Widely known in jazz circles for his virtuosity on the bass, relatively little attention has been paid to Richard Bona's solo career. Pity, as his solo records are generally excellent. Bona's records have a style that can only be referred to as world music. Generally, that term is misused, but Bona truly takes his influences from all over the world. Sure, he's Cameroonian, and his heritage plays a large role. But one can also hear overt references to jazz, bluegrass, blues, European pop and much, much more in Bona's music. This adds a sense of unpredictability to his workit's impossible to know what to expect and so just about anything is possible.
Bona's The Ten Shades of Blues continues in the same vein. There are references to India, Africa, and good ol' down home Americana, all interpreted with Bona's natural flair and effervescent smile. As on most of his other solo work, the multitalented Bona is everywhere and plays almost everything. The album opens with "Take One," a choral masterpieceexcept all of the voices are Bona's. "Shiva Mantra" follows, and here Bona is credited with lead and background vocals, bass, keyboards, guitars and percussion. Somehow, on this track, Bona manages to be at the forefront of the background, keeping the music grounded in jazz and African traditions while being overtly Indian. It's Indian religious musicwith a kickin' bass line.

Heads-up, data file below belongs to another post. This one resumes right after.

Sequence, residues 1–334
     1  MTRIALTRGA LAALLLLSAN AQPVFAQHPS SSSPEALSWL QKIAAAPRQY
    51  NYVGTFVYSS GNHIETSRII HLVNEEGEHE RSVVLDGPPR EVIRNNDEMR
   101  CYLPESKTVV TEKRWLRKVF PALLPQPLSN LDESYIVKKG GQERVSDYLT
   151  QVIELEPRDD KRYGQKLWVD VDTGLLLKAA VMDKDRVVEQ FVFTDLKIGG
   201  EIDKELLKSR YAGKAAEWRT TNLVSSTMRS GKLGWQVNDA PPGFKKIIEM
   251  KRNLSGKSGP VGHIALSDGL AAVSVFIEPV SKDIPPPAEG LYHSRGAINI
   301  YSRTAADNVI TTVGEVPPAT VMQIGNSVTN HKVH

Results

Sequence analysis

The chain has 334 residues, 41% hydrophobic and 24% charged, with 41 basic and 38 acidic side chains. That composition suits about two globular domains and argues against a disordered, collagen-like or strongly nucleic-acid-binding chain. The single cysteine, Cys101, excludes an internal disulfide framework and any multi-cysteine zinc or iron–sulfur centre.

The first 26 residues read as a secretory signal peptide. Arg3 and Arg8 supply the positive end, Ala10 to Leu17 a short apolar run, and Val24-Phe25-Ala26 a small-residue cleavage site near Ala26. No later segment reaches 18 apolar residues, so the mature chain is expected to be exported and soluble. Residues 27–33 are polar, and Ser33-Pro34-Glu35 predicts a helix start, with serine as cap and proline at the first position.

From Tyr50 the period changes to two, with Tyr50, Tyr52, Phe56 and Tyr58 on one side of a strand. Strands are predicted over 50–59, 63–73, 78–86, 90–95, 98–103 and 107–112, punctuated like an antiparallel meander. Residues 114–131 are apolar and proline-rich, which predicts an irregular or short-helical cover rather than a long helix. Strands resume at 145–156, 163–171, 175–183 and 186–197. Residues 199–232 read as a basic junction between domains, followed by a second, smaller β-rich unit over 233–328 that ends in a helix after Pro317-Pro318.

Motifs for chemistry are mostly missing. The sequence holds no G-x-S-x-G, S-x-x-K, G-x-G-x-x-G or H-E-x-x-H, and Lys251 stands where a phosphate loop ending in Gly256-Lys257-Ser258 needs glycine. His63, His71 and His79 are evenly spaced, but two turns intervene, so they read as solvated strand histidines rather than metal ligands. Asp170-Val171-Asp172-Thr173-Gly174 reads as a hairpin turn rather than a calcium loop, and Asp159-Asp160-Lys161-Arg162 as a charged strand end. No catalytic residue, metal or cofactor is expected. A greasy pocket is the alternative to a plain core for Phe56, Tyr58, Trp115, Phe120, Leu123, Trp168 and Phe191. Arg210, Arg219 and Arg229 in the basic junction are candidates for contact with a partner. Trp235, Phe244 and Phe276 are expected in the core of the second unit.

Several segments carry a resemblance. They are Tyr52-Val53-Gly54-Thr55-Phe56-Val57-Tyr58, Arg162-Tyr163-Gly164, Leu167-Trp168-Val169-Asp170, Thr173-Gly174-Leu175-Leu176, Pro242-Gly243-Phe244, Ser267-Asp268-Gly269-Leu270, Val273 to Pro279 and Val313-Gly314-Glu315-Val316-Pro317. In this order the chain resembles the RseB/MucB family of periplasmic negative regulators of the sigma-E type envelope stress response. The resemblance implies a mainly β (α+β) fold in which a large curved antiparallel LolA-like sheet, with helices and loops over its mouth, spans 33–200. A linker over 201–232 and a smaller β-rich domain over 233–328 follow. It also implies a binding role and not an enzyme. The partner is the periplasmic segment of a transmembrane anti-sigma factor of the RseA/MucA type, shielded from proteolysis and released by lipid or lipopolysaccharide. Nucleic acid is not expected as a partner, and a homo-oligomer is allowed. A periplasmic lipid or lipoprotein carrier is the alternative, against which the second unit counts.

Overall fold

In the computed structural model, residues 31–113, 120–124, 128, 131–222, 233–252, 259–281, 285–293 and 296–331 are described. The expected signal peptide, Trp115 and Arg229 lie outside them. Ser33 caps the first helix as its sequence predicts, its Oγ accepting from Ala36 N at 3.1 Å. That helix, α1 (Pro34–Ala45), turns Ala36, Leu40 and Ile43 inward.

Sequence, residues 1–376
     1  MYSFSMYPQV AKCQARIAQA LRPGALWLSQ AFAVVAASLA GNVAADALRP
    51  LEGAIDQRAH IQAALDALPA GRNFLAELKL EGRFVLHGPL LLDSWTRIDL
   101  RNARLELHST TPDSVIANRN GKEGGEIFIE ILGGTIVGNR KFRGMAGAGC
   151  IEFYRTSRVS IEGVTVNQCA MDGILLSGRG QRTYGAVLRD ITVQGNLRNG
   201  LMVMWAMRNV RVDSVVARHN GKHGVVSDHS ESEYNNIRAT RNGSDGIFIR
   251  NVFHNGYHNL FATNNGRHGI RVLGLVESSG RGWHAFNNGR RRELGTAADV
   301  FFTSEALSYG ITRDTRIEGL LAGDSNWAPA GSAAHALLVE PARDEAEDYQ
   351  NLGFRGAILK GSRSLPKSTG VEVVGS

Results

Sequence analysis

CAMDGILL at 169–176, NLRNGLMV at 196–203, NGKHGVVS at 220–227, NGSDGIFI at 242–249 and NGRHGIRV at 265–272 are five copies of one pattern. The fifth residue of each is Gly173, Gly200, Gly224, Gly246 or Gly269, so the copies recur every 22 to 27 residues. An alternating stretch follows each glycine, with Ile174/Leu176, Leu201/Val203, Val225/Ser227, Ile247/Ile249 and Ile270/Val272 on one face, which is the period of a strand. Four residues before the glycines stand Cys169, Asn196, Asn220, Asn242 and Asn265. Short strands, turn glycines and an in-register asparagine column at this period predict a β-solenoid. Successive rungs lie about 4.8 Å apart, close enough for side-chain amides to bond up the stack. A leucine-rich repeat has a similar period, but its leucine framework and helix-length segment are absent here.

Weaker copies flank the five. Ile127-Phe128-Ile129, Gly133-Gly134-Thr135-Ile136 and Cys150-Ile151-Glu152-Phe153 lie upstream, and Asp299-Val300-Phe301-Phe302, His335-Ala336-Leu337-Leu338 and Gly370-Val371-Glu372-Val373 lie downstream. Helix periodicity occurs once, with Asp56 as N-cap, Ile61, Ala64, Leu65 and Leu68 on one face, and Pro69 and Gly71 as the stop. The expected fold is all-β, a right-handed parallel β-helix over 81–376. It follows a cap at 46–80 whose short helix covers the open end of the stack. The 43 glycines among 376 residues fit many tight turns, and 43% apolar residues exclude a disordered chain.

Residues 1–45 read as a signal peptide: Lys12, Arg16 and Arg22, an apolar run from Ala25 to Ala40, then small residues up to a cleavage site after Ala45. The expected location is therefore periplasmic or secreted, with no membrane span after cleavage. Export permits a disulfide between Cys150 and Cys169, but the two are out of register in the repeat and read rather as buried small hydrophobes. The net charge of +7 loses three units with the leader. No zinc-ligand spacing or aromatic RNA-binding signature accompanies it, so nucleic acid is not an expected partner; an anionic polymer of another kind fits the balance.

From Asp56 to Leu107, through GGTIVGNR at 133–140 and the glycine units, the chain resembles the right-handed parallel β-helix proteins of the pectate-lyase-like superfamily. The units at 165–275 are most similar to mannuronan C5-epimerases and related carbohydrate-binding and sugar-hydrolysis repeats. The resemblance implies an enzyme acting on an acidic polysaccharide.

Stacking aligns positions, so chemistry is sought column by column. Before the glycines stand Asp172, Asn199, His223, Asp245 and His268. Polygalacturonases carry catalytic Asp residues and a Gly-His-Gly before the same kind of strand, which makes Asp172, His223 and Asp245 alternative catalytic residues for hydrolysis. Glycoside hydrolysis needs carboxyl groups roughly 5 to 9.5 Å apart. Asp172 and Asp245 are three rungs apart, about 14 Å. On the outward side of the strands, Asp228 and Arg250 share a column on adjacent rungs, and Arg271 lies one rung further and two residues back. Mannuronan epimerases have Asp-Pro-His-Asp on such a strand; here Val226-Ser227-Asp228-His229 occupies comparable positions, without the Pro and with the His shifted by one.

The special guests on the album also leave their imprint. "Shiva Mantra" works due to the powerful vocals of Shankar Mahadevan (John McLaughlin's Remember Shakti) and Nandini Srikar, as well as Niladiri Kumar's tasteful sitar. "Good Times" is a showcase for R&B vocalist Frank McComb and harmonica master Gregoire Maret. Ryan Cavanaugh, Bona's compatriot in Bill Evans' Soulgrass ensemble, joins in on banjo along with fiddler Christian Howes on "African Cowboy," a rootsy bluesgrass mélange.
"M'Bemba Mama" is a highlight. A simple ballad, Bona's light yet powerful voice fits perfectly, with Jean-Michel Pilc's piano and Sylvain Luc's guitars providing beautiful counterpoint. While lighthearted, "M'Bemba Mama" is bubbling with emotion. Bona's vocal incorporates just the slightest bit of longing while managing to stay positive.
Bona is certainly a talent deserving wider recognition. His considerable musicianship speaks for itself, and his passion for music is evident in all of his work, whether as a sideman or a leader. The Ten Shades of Blues continues his excellent solo work, joining the likes of Scenes from My Life and Tiki as essential.
Take One; Shiva Mantra; Good Times; M'Bemba Mama; Kurumalete; Souleymane; African Cowboy; Esukudu; Yara's Blues; Sona Moyo; Camer Secrets
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